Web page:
Thousands of patients die of dehydration and poor NHS care

The NHS has released the results of a self-commissioned report into its own care standards. The figures suggest that over 1,000 patients die each month as a result of dehydration and substandard care.

The researchers say that deaths as a result of acute kidney injury, which causes a loss of kidney function and can develop very quickly, could be prevented by simple courtesies such as ensuring patients are well hydrated. According to the report, acute kidney injury costs the health service more than £1billion every year.

The report’s co-author Prof Donal O’Donoghue, Consultant Renal Physician at Salford Royal NHS Foundation Trust, said:

“We know that at least a thousand people a month are dying
in hospital from acute kidney injury due to poor care.

These deaths are avoidable. This is completely unacceptable and we can’t
allow it to continue. Good basic care would save these lives and save
millions of pounds for the NHS. Doctors and nurses need to make
elementary checks to prevent acute kidney injury. In general,
people who are having surgery shouldn’t be asked to
go without water for longer than two hours.”

The report comes less than a year after the NHS watchdog NICE was forced to issue guidelines on giving patients water, after it found that 42,000 deaths a year could be avoided if staff ensured that patients had enough to drink.

A spokesman for NHS England said:

“We have taken steps to ensure the NHS puts in place coherent
long-term plans to reduce avoidable deaths in our hospitals,
and to improve the way data is used in decision making.

Health research based on real-life evidence like this is vitally important
for NHS commissioners in choosing where to target their resources,
and we thank Insight Health Economics and NHS Improving
Quality for carrying it out.”

If you have been affected by medical negligence, and you would like expert advice, contact the Hampson Hughes Solicitors Medical Negligence Team today on 0151 242 1025 or email

Breakthrough Breast Cancer Drug – Too Expensive for NHS?

The National Institute for Healthcare Excellence (NICE) has warned that a new breast cancer drug, which extends women’s lives by up to six months, could be blocked from entering into routine NHS usage if the price-tag is deemed non-cost effective.

Produced by Roche, trastuzumab emtansine (also known as Kadcyla) can cost up to £90k per patient. An estimated 1500 patients will be eligible for the treatment, meaning that the true cost of the drug to the NHS could be around £135m per year.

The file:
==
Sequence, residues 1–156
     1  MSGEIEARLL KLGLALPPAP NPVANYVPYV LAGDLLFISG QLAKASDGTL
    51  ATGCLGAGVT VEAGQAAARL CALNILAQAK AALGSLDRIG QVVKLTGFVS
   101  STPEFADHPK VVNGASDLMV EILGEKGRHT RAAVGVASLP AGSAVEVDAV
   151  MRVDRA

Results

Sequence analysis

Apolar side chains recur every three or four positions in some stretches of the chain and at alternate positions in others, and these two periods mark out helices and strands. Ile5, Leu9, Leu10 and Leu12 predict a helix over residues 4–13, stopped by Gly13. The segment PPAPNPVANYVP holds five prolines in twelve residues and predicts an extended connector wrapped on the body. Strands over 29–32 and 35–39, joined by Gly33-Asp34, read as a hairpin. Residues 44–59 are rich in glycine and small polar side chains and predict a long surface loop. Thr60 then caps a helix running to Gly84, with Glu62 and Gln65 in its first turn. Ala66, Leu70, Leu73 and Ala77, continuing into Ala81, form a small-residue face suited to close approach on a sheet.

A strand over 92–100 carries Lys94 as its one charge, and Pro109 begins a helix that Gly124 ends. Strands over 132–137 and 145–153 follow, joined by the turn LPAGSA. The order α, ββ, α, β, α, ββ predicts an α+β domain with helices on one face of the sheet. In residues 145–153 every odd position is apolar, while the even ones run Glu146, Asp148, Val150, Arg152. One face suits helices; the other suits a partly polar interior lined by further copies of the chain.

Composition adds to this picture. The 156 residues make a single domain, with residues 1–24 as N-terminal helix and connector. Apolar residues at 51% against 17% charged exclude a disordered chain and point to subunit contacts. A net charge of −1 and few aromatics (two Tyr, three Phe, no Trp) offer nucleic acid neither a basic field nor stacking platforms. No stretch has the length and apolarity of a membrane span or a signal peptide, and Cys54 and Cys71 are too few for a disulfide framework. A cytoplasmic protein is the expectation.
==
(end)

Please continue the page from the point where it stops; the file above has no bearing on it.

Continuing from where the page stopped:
Jayson Dallas, general manager of Roche, said:

“Roche is extremely disappointed that Nice has failed to
safeguard the interests of patients with this
advanced stage of aggressive disease.”

The guidance from NICE is now up for public consultation. If the drug is adopted, patients wishing to be considered for the drug will have to apply to the Cancer Drugs Fund (CDF) through their local NHS service.

NHS Payout – Patient Awake in Theatre

A female nurse from Burnley has won damages after waking from a general anaesthetic in theatre.

She has suffered post-traumatic stress disorder (PTSD) as a result of regaining consciousness – with her eyes taped shut and tubes down her throat – as hospital staff prepared to operate.

What Happened?

Alexandra Bythell was scheduled to have her appendix removed in September 2010.

Mrs Bythell recalls receiving a general anaesthetic on the day of the surgery, but then reports waking up in the operating theatre moments before her surgery began.

Due to the paralysing effect of the anaesthetic, Mrs Bythell was unable to call out. She then remembers hearing a request for morphine to be administered, at which point she fell asleep.

Hospital Apology

Following a critical incident report, Burnley General Hospital has admitted human error – the investigation found that the vaporiser responsible for regulating the anaesthetic was empty.

Mrs Bythell received a letter of apology from the anaesthetist. The NHS Trust as also admitted that Mrs Bythell had experienced “anaesthetic awareness”.

Sarah Sharples, Mrs Bythell’s lawyer, commented:

“What happened to Alexandra is totally unacceptable. She woke up paralysed, thinking
that she was actually in theatre and thinking that she was about to die.

She was left distraught over what had happened and why she had
effectively woken up. The experience has had a massive
affect on Alexandra psychologically.

It is crucial that the NHS Trust learns from this mistake and ensures that it
cannot happen again. This was not a faulty machine. This was a simple
avoidable human error and it is crucial that systems
are introduced to stop this happening again.”

If you have been affected by medical negligence, and you would like expert advice, contact Hampson Hughes Solicitors Medical Negligence Team today on 0151 242 1025 or email

Source: View Article